In fact, I would argue that a lot of us subconsciously look for reasons to do so because we resent the money that footballers earn. It creates a negative emotion in us and we look to justify it. Personally, I don’t think Aubameyang the player changed one bit during this season. He needs chances to thrive otherwise he is a pretty limited player by elite standards- much like Cavani or even Aguero.

He only does one thing outstandingly well and it just happens to be the most important thing. A mixture of his new contract and the fact that he wears the captain’s armband, which also inflates fan expectation of a player, has led to increased scrutiny for his performances. I think the captaincy is taken way, way too seriously in England.

Leadership is important and different players exhibit it in different ways. Our impressions of leadership are biased towards extroverted behaviour but introverts can lead too. A piece of cloth on the arm (or the absence of one) has 0% impact on a player’s leadership capabilities. It neither gives nor takes away. Leaders effectively channel their personalities, whatever their personalities, they don’t change them because there is suddenly a demand for them to do so.

Aubameyang has always been a low touch player who is absolutely world class at finding space in the penalty area, he was never any different and he hasn’t been any different in that respect this season. It is not a coincidence that he started scoring more goals when Arsenal drastically improved their chance creation through the introduction of Smith Rowe and Odegaard.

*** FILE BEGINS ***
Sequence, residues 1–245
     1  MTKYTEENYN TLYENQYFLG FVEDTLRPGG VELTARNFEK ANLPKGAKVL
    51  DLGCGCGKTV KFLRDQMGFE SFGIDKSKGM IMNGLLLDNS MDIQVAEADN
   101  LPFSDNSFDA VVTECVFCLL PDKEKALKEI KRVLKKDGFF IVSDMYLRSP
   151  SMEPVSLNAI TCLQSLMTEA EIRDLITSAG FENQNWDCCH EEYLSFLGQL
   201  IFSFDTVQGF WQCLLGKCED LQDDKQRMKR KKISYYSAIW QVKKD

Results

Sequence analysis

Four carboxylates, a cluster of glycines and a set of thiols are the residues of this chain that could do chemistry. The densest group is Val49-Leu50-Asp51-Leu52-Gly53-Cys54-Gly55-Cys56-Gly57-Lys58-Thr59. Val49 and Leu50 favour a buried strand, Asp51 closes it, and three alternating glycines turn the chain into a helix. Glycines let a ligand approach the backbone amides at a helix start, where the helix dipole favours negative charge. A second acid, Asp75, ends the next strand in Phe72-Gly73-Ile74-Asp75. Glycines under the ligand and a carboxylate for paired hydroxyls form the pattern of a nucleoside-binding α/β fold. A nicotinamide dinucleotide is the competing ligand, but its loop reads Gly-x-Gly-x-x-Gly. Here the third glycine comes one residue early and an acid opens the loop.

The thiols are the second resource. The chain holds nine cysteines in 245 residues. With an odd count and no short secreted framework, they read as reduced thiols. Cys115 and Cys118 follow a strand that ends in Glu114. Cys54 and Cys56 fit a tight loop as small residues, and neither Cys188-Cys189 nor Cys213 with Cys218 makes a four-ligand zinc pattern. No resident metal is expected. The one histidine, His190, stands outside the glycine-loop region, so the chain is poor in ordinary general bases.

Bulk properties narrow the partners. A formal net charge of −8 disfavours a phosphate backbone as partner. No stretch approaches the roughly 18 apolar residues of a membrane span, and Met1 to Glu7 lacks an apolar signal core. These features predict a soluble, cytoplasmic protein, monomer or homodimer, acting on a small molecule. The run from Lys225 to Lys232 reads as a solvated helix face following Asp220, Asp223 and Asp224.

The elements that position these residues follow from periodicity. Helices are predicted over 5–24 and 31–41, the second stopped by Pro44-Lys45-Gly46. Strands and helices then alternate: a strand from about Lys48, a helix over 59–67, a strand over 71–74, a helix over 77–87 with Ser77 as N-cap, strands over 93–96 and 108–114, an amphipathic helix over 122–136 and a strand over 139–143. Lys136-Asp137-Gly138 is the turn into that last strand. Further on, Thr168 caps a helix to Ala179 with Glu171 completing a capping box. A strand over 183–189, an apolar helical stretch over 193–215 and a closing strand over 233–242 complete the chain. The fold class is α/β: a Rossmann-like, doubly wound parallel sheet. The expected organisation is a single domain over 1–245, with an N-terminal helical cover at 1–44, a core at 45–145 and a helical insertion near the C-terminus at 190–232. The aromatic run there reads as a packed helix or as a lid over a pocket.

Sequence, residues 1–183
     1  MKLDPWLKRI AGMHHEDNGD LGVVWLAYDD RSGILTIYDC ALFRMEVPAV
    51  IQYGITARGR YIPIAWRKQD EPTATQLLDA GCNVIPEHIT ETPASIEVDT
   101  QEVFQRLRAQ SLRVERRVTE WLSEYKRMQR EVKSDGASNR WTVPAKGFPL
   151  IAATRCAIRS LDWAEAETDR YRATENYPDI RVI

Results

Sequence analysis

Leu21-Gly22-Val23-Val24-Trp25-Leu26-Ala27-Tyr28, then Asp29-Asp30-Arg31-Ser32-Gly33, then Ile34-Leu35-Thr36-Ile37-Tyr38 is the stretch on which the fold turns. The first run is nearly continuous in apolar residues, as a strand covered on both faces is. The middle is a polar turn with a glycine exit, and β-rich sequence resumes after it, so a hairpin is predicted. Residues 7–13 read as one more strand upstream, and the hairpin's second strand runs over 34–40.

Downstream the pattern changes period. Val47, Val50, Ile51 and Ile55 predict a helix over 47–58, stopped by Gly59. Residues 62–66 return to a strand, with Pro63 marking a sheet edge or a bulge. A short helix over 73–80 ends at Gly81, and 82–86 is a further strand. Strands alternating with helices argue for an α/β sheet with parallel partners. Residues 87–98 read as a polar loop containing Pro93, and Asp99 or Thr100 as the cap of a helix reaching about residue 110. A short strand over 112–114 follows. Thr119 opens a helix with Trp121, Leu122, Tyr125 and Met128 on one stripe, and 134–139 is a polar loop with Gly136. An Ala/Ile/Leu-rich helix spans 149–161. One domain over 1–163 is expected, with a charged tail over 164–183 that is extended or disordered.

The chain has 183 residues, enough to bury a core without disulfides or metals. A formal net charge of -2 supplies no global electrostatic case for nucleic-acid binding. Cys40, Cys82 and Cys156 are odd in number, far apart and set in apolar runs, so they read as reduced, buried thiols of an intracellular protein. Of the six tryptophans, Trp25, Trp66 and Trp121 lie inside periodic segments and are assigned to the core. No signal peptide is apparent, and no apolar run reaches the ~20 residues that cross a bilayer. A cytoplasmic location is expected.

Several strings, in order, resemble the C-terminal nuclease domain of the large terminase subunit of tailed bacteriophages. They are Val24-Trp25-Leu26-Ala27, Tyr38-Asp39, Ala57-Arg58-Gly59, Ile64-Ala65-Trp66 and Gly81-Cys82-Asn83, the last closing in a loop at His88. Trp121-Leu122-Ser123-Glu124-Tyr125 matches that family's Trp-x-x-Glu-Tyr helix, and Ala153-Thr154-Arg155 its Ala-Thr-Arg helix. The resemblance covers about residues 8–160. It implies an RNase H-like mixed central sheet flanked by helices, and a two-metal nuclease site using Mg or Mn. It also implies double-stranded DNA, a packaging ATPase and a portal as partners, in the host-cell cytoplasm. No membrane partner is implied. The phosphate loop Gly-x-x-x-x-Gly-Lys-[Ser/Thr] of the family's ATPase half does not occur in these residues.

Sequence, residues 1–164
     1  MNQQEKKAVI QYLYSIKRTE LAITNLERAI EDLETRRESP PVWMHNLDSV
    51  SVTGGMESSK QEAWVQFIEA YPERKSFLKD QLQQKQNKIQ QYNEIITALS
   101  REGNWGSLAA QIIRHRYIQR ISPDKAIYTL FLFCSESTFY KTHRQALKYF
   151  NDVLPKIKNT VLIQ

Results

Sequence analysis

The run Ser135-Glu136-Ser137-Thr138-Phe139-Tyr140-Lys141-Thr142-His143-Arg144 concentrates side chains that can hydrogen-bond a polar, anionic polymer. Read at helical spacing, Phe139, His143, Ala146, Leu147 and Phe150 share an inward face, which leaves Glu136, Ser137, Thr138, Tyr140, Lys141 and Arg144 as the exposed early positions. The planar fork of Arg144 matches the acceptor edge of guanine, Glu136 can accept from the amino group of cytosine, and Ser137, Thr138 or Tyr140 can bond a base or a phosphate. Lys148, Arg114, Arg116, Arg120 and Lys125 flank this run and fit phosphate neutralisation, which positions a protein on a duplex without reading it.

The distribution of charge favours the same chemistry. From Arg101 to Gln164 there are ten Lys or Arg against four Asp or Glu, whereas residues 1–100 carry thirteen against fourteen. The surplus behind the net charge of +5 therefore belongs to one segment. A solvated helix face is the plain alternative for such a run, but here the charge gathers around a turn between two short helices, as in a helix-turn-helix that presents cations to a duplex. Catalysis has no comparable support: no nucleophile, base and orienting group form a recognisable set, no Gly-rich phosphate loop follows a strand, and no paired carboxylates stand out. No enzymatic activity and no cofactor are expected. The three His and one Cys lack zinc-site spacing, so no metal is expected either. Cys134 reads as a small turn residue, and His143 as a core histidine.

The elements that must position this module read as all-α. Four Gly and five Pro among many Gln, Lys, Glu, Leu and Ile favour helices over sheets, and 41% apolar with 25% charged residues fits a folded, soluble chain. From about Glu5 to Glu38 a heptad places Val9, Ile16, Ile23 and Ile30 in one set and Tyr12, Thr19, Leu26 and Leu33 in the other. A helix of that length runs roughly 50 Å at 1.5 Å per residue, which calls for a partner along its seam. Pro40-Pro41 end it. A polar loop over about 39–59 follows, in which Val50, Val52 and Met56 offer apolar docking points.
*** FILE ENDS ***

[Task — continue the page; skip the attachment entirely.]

He didn’t just suddenly decide that he cared having not given a rat’s arse for the three months previous. His improved production and Arsenal’s improved chance creation are undeniably linked. I also think penalty box players are easily misunderstood. When I was younger players like Gary Lineker were dismissed as tap-in merchants. Auba has been accused of disappearing in games this season.

Last July, Aubameyang had only 26 touches in a drab 1-0 defeat to Aston Villa as he was starved of service on the left-wing. Ten days later he scored twice in the FA Cup Final against Chelsea. He didn’t just switch the “I care” button on and off, Arsenal just created better chances in one game than the other. Just try and think of any game across Auba’s three years at Arsenal when he didn’t score a goal but you came away thinking, “he played really well today.”

Difficult, isn’t it? When you make a decision to build around Aubameyang, you need to thoroughly augment the creative elements of your team because what you’re paying for with Auba is the ability to find space in the penalty area. Players that thrive on space in the busiest, most well-guarded area of the pitch are supposed to disappear, their whole game is built on being difficult to detect.